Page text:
What is heavy fuel oil (HFO)?
Heavy fuel oil is a generic term for fuels with a particularly high viscosity, density, and persistence. HFO is created when petroleum is distilled.
In the Canadian Arctic, HFO is mainly used as fuel for vessels working in community resupply, bulk carriers serving mining projects, as well as by some larger fishing vessels.
International discussion on HFO
The Government of Canada is working to reduce the risk of marine fuel spills in the Arctic, including the risk of a heavy fuel oil spill from ships. Ongoing discussions at the International Maritime Organization (IMO) on the use of HFO by ships in the Arctic have focused on:
To support discussions at the IMO on a potential ban of HFO in the Arctic, the IMO has given Member countries the chance to run their own assessments on the potential impacts of a ban in their country.
Results of the impact assessment
Between May and October 2019, we worked with many groups to assess the benefits and impacts that a heavy oil fuel ban would have on Canada’s northern, Indigenous and Inuit communities, and economies. We spoke to:
We used publicly available information, feedback from Indigenous and Inuit partners, and data from federal government departments and industry stakeholders to assess the potential costs and benefits of a HFO ban in the Arctic. The impact assessment also considered analyses by consulting firms and academia.
We found that a HFO ban would benefit Arctic communities by reducing the environmental impacts associated with spills:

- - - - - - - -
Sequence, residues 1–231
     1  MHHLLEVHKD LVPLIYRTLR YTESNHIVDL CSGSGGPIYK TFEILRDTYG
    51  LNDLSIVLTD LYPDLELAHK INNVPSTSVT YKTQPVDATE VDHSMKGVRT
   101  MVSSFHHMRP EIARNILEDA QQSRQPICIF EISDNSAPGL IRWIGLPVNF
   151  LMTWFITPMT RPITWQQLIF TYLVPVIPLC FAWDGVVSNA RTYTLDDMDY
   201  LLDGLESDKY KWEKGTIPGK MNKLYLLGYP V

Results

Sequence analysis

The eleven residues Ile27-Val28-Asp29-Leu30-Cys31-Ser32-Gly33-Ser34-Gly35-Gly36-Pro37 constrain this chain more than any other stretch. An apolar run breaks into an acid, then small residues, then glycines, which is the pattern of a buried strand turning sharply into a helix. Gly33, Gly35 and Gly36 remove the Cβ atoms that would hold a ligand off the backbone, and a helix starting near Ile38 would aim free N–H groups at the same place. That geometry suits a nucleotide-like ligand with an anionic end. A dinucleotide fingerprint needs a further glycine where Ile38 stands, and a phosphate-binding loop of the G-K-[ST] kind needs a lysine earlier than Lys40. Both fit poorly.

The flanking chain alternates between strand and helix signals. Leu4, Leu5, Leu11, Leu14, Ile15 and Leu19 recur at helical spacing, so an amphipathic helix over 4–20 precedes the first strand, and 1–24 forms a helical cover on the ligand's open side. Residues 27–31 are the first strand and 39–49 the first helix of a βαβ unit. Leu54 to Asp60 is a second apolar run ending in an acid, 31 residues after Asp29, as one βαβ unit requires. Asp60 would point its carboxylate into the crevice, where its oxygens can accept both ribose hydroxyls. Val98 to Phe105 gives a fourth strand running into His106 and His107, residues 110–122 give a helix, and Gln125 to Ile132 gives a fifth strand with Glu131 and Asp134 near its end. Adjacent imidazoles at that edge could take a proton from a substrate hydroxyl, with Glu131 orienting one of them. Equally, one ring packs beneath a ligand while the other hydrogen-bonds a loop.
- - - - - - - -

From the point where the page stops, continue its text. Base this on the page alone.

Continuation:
Our assessment found that HFO causes greater longer-term environmental risks compared to distillate fuels. We also concluded that a ban, and the higher price of replacement fuels could have negative social and economic impacts on northern, Indigenous and Inuit communities.
Our report identifies three main economic impacts:
(i) Financial and social impacts on Indigenous and Inuit communities, because of more expensive fuels
(ii) Financial impacts on resource sector operations, because of more expensive alternative fuels
(iii) Possible impacts on competitiveness for current or future resource exports, including mining and grain
The impact assessment also found that an HFO ban could impact the health of Indigenous and Inuit peoples living in the Arctic. This would be due to higher costs for non-perishable foods and higher shipping prices.
Long-term industry response to the 2020 Global Sulphur Cap is still unknown but it’s likely that decisions made in 2020 will change the market rates for fuel.
This will make assessing possible impacts of a future HFO ban even harder. We expect that market conditions and fuel prices will stabilize in the coming years once the Global Sulphur Cap is introduced.